Einayim LaMishpat 8, Nachlaot, Jerusalem
Open on Fridays from 10:00 to 14:00
or by appointment in advance
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We sincerely thank the participants and visitors!
The exhibition will last 2 months on Fridays from 10:00 to 14:00.
MEDICINE and ART, The ART of MEDICINE.
GOD BLESS YOU!
Blaise Pascal, French mathematician, mechanic, physicist, writer, philosopher and theologist, once said: "If there is no God, and I believe in Him, I lose nothing. But if there is God, but I do not believe in Him, I lose everything". To paraphrase this statement into modern primitive language, it is much more profitable to act towards the universe and the humans as if He exists. Perhaps, we’ll be rewarded then, won’t we?
A large number of people today do not really believe in the afterlife: alas, I am one of them. The Buddhist belief in the transmigration of souls, when in a new reincarnation you turn out to be a bug or a mollusk, with no memory of your mom, dad and loved ones, is not very attractive, is it? Thus, in the consumer age we are trying to make the most of what we can HERE and NOW, dreaming about what, alas, we cannot reach. Have you ever thought about the fact that we are driven more by lust than "take", because what is already acquired can only be spent: it is a static condition, a dead end like death, it has no dynamics.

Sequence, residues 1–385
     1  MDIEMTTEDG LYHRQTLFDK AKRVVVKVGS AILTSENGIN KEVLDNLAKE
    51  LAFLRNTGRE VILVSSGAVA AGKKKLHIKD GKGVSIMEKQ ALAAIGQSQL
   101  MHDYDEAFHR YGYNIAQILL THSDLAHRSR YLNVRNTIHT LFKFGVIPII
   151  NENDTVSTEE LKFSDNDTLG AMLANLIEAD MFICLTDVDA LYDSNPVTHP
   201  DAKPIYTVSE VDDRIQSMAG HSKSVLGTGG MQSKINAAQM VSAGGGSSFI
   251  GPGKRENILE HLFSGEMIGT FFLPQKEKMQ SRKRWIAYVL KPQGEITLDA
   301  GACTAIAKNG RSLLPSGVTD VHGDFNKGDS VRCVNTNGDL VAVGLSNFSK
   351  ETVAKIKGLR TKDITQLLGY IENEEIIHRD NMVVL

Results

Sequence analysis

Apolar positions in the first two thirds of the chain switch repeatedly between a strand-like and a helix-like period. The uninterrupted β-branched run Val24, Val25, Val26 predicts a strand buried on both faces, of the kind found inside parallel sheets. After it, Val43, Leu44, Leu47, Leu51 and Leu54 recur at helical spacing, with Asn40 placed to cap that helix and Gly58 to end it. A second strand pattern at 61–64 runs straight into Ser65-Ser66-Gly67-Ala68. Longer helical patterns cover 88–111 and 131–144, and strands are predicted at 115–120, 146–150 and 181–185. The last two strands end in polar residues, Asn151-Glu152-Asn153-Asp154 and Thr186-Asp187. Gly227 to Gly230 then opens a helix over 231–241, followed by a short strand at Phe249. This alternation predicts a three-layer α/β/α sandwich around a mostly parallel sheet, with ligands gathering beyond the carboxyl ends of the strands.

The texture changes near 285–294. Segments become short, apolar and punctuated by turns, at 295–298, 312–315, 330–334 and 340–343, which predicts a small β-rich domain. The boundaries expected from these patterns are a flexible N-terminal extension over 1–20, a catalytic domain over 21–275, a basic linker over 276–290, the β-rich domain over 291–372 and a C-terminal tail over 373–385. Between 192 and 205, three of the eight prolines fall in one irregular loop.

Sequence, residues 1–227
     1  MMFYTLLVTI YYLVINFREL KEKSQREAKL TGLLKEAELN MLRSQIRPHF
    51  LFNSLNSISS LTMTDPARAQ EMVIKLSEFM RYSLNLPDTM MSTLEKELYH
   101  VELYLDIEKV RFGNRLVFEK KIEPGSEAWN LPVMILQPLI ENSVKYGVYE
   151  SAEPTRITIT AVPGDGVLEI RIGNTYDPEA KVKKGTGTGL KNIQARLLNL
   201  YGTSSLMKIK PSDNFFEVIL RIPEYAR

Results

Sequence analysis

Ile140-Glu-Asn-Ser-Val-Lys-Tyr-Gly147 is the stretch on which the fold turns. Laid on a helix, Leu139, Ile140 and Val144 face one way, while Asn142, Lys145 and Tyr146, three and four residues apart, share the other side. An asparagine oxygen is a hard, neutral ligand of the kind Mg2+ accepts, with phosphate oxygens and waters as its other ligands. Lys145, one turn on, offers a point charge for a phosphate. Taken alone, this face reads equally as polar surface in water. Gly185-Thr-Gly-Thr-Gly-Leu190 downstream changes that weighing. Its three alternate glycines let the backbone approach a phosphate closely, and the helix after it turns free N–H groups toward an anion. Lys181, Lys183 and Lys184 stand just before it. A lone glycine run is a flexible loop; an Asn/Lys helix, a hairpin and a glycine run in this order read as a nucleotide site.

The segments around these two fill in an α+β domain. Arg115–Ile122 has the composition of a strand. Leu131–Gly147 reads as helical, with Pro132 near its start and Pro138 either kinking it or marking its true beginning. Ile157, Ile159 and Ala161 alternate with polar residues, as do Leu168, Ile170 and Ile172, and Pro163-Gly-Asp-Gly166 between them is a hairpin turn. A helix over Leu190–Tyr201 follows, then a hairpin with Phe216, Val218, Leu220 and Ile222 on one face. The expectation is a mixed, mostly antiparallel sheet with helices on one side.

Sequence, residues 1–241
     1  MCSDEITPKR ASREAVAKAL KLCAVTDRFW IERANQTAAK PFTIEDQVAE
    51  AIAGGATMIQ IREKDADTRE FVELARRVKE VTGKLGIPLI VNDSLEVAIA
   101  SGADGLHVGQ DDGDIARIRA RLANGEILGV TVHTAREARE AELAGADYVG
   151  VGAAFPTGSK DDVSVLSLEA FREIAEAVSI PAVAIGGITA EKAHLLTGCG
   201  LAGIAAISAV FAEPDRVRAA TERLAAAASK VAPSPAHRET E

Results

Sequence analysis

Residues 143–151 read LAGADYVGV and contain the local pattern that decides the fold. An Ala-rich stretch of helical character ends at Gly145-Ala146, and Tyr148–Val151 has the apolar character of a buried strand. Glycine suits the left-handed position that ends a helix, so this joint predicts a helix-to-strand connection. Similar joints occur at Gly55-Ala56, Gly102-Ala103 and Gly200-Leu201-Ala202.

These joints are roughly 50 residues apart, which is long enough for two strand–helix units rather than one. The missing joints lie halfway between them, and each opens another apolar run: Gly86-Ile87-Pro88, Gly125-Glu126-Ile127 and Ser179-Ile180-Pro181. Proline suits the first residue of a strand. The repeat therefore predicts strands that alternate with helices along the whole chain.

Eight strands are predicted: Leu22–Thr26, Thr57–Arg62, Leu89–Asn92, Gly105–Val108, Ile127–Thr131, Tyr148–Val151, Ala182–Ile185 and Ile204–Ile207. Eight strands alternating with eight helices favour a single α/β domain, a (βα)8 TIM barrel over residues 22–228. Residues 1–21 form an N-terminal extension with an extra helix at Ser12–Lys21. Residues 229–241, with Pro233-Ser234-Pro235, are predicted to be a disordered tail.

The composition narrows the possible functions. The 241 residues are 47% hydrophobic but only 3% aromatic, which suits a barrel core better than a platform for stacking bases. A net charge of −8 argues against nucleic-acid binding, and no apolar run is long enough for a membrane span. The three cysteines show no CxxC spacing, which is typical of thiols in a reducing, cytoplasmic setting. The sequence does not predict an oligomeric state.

When you are young and open to the world you are very much worried about the way others react to you. When you become old you are more interested in the state of your own mortal shell and its internal equipment, which usually make their owner less and less happy. You more and more often receive all sorts of signals from different body systems that prevent you from concentrating on the important things: you feel a slight shortness of breath when tying your shoes (daily training and swimming in the pool three times a week do not help much); you develop a special interest in measuring blood pressure, in connection with which you also begin to worry about the level of cholesterol, although it (cholesterol) does not hurt or itch. You can’t count everything... An extroverted person gradually becomes an introvert. The foolish notion that one gains wisdom in old age is a pure illusion. Hell, don't believe it! I would gladly distribute “my wealth” of years to those longing for it and always remain 35-40 years old! Of course, I would not like to be a 20-year-old stupid youngster forever. But who is asking you?